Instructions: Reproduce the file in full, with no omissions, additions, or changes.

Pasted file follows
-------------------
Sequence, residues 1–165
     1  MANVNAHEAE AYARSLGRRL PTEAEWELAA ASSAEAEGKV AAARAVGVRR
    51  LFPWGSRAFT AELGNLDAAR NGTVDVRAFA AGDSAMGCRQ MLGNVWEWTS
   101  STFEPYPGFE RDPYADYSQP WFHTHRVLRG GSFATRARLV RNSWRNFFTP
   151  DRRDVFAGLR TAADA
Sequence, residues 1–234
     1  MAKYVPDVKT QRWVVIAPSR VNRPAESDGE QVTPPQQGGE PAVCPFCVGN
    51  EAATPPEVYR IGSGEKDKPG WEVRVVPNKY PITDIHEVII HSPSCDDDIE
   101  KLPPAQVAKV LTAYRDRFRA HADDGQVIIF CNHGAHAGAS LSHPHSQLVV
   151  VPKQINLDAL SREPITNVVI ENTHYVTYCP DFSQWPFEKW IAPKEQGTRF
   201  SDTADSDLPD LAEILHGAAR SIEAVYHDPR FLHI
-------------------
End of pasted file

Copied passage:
Sequence, residues 1–165
     1  MANVNAHEAE AYARSLGRRL PTEAEWELAA ASSAEAEGKV AAARAVGVRR
    51  LFPWGSRAFT AELGNLDAAR NGTVDVRAFA AGDSAMGCRQ MLGNVWEWTS
   101  STFEPYPGFE RDPYADYSQP WFHTHRVLRG GSFATRARLV RNSWRNFFTP
   151  DRRDVFAGLR TAADA
Sequence, residues 1–234
     1  MAKYVPDVKT QRWVVIAPSR VNRPAESDGE QVTPPQQGGE PAVCPFCVGN
    51  EAATPPEVYR IGSGEKDKPG WEVRVVPNKY PITDIHEVII HSPSCDDDIE
   101  KLPPAQVAKV LTAYRDRFRA HADDGQVIIF CNHGAHAGAS LSHPHSQLVV
   151  VPKQINLDAL SREPITNVVI ENTHYVTYCP DFSQWPFEKW IAPKEQGTRF
   201  SDTADSDLPD LAEILHGAAR SIEAVYHDPR FLHI